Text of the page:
Bilateral Social Security Agreements

Despite the fact that agreements aim to allocate social protection to the country where the worker is most attached, sometimes unusual situations occur, where strict application of the rules of the agreement would lead to unusual or uneven results. That is why each agreement contains a provision allowing the authorities of both countries to grant derogations from the normal rules if both parties agree. A waiver could be granted, for example, if a U.S. citizen`s intervention abroad has been unexpectedly extended by a few months beyond the five-year limit, in accordance with the self-employed rule. In this case, the worker could benefit from continuous U.S. coverage for the additional period. All these agreements are based on the concept of shared responsibility. Shared responsibility agreements are reciprocal. Under each agreement, partner countries make concessions on their social security rules so that people covered by the agreement have access to payments for which they might not otherwise be entitled. In this way, the responsibility for social security is shared between the countries where a person has lived during his or her working years and the person can release potential rights. As a general rule, a pension from one country may be received in the second country, although the paying country retains some discretion in the currency used and in the delivery mechanisms used.

International social security agreements can be bilateral agreements concluded by two countries to coordinate their specific rules or multilateral agreements allowing several countries to coordinate certain parts of their social security legislation. The agreement with Italy is a derogation from other US agreements, as it does not contain a self-employed workers rule. As in other agreements, its fundamental criterion of coverage is the rule of territoriality. However, coverage for expatriate workers is mainly based on the nationality of the worker. If a U.S. citizen employed or self-employed in Italy was covered by U.S. Social Security without the agreement, he or she will remain covered by the U.S. program and exempt from Italian coverage and contributions. These agreements create a legal framework for the coordination of social security systems between countries.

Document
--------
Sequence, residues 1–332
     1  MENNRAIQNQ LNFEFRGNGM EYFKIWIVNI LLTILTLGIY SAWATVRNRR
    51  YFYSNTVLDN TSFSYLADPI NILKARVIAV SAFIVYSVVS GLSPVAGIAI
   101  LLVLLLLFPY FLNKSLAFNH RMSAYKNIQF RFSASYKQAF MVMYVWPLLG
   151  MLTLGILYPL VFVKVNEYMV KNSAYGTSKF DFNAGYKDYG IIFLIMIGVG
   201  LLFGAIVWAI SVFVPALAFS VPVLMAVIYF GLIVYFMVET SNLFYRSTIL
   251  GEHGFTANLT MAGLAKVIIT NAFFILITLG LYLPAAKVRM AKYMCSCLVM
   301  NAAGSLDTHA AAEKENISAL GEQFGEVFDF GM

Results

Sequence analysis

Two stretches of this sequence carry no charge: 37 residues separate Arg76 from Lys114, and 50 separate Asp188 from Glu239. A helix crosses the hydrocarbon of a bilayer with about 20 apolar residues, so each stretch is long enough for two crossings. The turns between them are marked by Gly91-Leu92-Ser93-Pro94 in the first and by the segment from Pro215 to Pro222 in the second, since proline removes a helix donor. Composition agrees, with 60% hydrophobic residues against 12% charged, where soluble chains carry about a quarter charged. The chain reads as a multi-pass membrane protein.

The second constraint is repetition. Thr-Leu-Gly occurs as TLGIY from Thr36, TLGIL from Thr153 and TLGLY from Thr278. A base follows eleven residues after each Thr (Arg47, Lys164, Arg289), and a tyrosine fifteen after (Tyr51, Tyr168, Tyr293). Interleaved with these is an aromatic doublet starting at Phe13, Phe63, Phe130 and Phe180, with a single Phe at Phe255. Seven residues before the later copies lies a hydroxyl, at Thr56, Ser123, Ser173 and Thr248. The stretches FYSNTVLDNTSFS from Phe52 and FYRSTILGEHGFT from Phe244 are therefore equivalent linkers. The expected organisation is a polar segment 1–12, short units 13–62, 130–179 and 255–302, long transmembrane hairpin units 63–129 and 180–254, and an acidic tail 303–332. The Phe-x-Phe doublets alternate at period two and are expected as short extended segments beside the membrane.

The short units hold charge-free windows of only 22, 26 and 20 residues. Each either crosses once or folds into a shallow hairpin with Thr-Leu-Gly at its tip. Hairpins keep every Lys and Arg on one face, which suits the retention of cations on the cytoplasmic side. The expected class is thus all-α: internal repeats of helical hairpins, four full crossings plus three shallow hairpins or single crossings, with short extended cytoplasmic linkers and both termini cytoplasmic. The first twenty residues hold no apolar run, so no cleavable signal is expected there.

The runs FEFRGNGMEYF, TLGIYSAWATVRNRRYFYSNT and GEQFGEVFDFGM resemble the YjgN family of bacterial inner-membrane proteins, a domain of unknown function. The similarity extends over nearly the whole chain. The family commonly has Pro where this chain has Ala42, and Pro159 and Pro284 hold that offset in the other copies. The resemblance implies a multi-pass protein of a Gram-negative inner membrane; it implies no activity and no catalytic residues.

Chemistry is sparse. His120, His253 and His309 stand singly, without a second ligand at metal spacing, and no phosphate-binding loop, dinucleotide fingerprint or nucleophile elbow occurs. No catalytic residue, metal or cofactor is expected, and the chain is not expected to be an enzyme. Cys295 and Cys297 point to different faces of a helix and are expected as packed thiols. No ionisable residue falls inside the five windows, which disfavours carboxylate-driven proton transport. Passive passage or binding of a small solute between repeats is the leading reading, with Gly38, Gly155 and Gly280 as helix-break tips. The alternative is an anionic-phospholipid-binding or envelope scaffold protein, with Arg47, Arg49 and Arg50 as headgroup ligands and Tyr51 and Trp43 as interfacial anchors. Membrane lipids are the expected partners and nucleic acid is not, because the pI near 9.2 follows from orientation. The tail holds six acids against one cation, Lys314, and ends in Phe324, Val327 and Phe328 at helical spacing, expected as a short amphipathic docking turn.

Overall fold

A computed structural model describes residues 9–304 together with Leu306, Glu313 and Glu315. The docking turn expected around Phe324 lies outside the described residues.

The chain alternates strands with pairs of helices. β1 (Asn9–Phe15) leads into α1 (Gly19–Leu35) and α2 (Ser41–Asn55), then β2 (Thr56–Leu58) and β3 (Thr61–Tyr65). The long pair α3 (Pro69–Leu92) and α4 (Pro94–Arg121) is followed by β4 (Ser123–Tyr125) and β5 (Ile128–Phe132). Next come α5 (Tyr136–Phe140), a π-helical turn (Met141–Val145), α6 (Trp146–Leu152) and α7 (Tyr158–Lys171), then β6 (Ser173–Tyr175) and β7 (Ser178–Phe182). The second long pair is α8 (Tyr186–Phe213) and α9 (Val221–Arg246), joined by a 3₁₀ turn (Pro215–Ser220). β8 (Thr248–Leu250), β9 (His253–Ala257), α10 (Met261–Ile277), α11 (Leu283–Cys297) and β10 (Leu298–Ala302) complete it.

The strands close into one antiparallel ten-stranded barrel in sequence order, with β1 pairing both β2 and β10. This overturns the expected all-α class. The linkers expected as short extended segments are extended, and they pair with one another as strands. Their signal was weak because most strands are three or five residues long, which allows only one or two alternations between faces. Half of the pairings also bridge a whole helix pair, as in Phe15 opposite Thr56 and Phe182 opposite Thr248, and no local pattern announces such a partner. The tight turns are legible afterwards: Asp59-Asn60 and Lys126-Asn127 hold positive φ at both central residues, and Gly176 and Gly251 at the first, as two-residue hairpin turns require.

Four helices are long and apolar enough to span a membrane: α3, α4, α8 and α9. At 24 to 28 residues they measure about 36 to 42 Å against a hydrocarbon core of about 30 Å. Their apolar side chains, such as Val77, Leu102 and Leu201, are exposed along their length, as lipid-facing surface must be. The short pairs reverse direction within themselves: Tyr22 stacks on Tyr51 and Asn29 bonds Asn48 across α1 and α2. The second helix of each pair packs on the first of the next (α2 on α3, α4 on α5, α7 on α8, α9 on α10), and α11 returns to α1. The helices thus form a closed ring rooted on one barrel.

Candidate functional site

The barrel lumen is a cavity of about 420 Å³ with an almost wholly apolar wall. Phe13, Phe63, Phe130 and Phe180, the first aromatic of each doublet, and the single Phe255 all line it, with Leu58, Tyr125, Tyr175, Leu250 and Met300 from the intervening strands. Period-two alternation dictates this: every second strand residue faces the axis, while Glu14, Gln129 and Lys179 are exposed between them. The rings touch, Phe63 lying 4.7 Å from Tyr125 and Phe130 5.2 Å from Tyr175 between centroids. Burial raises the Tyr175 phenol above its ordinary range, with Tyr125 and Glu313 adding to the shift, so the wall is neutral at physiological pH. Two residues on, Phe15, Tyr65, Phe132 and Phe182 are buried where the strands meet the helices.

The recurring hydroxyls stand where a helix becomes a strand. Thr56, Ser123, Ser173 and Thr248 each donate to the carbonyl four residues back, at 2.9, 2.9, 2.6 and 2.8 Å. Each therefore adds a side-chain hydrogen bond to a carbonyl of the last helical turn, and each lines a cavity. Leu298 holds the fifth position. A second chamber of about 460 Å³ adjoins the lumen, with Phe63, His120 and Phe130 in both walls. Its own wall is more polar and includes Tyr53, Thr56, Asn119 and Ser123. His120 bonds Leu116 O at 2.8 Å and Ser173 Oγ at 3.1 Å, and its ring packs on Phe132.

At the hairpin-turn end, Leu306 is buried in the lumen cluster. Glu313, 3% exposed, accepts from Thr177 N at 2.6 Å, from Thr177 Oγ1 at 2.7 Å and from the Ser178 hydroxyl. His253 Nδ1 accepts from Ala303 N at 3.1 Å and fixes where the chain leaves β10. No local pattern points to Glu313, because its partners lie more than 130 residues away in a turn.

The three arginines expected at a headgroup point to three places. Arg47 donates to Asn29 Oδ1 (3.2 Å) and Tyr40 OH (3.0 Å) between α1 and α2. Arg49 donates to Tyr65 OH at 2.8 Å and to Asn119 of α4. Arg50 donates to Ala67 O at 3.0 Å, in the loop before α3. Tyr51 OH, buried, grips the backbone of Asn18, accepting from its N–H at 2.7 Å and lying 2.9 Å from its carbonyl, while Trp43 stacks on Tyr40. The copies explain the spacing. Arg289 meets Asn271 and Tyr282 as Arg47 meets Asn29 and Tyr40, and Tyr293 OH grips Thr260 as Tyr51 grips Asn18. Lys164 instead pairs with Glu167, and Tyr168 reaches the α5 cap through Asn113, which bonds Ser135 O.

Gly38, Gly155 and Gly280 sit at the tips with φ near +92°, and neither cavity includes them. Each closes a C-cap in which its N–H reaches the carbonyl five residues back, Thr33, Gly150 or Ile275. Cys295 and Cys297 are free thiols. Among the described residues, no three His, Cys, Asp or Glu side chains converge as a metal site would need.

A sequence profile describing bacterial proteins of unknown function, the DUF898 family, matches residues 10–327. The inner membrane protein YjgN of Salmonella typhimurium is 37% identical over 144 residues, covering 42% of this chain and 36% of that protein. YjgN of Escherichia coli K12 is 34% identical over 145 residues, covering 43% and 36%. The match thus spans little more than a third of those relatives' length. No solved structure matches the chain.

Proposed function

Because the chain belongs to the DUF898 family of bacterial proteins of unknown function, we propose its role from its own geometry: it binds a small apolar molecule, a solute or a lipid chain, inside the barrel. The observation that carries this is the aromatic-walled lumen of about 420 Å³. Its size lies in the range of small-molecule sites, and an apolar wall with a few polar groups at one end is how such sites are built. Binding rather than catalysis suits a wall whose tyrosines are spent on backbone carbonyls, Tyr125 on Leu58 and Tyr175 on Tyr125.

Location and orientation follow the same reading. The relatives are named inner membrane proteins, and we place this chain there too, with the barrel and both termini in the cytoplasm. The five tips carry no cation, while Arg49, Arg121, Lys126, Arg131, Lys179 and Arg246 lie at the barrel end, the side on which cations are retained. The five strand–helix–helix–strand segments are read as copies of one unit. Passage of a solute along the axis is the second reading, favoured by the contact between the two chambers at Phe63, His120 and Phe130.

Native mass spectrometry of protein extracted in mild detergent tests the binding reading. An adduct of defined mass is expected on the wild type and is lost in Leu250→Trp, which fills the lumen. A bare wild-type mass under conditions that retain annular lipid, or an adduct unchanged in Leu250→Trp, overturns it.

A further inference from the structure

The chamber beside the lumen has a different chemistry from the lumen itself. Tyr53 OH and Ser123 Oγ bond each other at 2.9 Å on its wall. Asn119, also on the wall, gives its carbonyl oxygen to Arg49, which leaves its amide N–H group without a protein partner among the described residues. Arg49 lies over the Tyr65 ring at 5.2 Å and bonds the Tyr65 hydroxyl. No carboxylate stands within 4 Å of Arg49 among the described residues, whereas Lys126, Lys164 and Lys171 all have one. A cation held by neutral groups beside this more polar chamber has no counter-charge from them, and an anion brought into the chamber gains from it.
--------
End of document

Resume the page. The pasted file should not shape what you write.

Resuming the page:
They provide the legal framework to protect the rights of migrant workers and fill social security gaps. The agreements ensure that periods of employment in other signatory countries are taken into account when granting entitlement to social benefits for migrant workers who depend on compliance with a waiting period. In the contract descriptions, you will find links to online versions of our brochures describing each of the 30 US agreements, as well as the full text of each agreement. Applications must contain the name and address of the employer in the United States and the other country, the worker`s full name, place and date of birth, citizenship, U.S. and foreign social security numbers, place and date of hiring, and the start and end date of the overseas operation. (If the employee works for a foreign subsidiary of the U.S. company, the application should also indicate whether U.S. social security coverage has been agreed for employees of the related business in accordance with Section 3121(l) of the Internal Income Code.) Self-employed persons should indicate their country of residence and the nature of their self-employment. . .

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